Tutorial: Using a cross-account Amazon SQS queue as an event source - AWS Lambda

Tutorial: Using a cross-account Amazon SQS queue as an event source

In this tutorial, you create a Lambda function that consumes messages from an Amazon Simple Queue Service (Amazon SQS) queue in a different AWS account. This tutorial involves two AWS accounts: Account A refers to the account that contains your Lambda function, and Account B refers to the account that contains the Amazon SQS queue.


This tutorial assumes that you have some knowledge of basic Lambda operations and the Lambda console. If you haven't already, follow the instructions in Getting started with Lambda to create your first Lambda function.

To complete the following steps, you need a command line terminal or shell to run commands. Commands and the expected output are listed in separate blocks:

aws --version

You should see the following output:

aws-cli/2.0.57 Python/3.7.4 Darwin/19.6.0 exe/x86_64

For long commands, an escape character (\) is used to split a command over multiple lines.

On Linux and macOS, use your preferred shell and package manager. On Windows 10, you can install the Windows Subsystem for Linux to get a Windows-integrated version of Ubuntu and Bash.

Create the execution role (Account A)

In Account A, create an execution role that gives your function permission to access the required AWS resources.

To create an execution role

  1. Open the Roles page in the AWS Identity and Access Management (IAM) console.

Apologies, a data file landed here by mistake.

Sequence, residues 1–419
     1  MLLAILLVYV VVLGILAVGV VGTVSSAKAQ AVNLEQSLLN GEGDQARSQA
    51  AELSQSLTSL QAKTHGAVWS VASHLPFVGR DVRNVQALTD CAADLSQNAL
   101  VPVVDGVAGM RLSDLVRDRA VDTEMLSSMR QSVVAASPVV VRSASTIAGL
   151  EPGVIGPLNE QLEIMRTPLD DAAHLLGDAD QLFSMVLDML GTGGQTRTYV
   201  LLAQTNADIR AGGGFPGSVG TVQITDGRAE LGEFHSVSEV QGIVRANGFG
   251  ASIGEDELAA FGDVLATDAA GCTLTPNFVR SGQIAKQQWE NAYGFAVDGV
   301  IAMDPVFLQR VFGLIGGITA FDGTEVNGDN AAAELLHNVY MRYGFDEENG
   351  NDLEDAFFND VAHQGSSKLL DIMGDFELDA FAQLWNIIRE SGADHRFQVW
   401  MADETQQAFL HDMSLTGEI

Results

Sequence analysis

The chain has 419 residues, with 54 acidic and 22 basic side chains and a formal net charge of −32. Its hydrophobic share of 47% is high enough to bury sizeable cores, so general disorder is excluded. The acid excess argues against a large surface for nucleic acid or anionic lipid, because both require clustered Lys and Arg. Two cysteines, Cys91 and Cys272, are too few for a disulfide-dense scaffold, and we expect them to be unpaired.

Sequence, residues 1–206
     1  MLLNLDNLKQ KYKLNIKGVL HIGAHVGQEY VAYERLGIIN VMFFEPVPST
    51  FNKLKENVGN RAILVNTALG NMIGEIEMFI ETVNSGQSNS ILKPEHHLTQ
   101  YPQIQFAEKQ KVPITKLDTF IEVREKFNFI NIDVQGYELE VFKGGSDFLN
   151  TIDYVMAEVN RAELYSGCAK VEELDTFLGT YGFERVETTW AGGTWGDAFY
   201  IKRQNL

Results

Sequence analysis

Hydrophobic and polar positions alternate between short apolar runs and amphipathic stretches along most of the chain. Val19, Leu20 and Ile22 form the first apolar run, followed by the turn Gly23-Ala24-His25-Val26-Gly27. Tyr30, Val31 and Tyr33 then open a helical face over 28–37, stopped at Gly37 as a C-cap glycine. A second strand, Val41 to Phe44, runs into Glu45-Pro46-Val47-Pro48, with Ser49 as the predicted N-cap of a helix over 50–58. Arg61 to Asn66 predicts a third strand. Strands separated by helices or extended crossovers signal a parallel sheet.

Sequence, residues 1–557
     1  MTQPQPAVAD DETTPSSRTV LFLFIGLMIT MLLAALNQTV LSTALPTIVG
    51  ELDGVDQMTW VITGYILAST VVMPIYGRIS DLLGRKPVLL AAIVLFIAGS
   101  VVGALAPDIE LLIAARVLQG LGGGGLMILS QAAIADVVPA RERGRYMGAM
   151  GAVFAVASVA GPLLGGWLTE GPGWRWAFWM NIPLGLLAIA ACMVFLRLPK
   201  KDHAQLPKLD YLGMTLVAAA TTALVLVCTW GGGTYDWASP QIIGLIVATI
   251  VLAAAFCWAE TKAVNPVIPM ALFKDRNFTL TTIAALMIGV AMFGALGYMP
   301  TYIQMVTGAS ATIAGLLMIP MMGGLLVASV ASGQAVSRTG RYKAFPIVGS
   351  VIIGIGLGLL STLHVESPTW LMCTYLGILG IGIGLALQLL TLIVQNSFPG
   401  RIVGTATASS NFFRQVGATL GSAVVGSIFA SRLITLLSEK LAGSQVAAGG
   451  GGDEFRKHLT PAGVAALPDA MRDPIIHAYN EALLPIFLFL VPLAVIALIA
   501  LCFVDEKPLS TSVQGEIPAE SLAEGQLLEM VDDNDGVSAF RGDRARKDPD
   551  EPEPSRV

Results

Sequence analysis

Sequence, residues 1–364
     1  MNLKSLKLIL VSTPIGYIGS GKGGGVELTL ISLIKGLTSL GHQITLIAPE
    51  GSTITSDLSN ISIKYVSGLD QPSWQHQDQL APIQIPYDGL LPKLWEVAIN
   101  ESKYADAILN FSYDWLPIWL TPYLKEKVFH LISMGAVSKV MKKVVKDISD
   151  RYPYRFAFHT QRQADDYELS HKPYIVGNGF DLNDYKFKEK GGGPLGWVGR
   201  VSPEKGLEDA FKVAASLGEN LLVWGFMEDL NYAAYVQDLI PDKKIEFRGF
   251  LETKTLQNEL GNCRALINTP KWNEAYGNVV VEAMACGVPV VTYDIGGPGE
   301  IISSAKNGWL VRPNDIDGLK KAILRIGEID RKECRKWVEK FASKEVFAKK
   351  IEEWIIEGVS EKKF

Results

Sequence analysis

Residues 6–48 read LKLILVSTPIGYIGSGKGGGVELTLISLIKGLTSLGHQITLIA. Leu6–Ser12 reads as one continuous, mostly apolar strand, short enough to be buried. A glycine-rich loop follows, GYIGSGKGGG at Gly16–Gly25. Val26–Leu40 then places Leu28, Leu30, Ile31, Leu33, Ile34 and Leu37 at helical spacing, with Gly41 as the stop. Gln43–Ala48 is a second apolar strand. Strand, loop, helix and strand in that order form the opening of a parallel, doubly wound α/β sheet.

2. Choose Create role.

  3. Create a role with the following properties.

    • Trusted entityAWS Lambda

    • PermissionsAWSLambdaSQSQueueExecutionRole

    • Role namecross-account-lambda-sqs-role

The AWSLambdaSQSQueueExecutionRole policy has the permissions that the function needs to read items from Amazon SQS and to write logs to Amazon CloudWatch Logs.

Create the function (Account A)

In Account A, create a Lambda function that processes your Amazon SQS messages. The following Node.js 12 code example writes each message to a log in CloudWatch Logs.


For code examples in other languages, see Sample Amazon SQS function code.

Example index.js

exports.handler = async function(event, context) { event.Records.forEach(record => { const { body } = record; console.log(body); }); return {}; }

To create the function


Following these steps creates a function in Node.js 12. For other languages, the steps are similar, but some details are different.

  1. Save the code example as a file named index.js.

  2. Create a deployment package.

    zip function.zip index.js
  3. Create the function using the create-function AWS Command Line Interface (AWS CLI) command.

    aws lambda create-function --function-name CrossAccountSQSExample \ --zip-file fileb://function.zip --handler index.handler --runtime nodejs12.x \ --role arn:aws:iam::<AccountA_ID>:role/cross-account-lambda-sqs-role

Test the function (Account A)

In Account A, test your Lambda function manually using the invoke AWS CLI command and a sample Amazon SQS event.

If the handler returns normally without exceptions, Lambda considers the message to be successfully processed and begins reading new messages in the queue. After successfully processing a message, Lambda automatically deletes it from the queue. If the handler throws an exception, Lambda considers the batch of messages not successfully processed, and Lambda invokes the function with the same batch of messages.

  1. Save the following JSON as a file named input.txt.

    { "Records": [ { "messageId": "059f36b4-87a3-44ab-83d2-661975830a7d", "receiptHandle": "AQEBwJnKyrHigUMZj6rYigCgxlaS3SLy0a...", "body": "test", "attributes": { "ApproximateReceiveCount": "1", "SentTimestamp": "1545082649183", "SenderId": "AIDAIENQZJOLO23YVJ4VO", "ApproximateFirstReceiveTimestamp": "1545082649185" }, "messageAttributes": {}, "md5OfBody": "098f6bcd4621d373cade4e832627b4f6", "eventSource": "aws:sqs", "eventSourceARN": "arn:aws:sqs:us-east-1:123456789012:example-queue", "awsRegion": "us-east-1" } ] }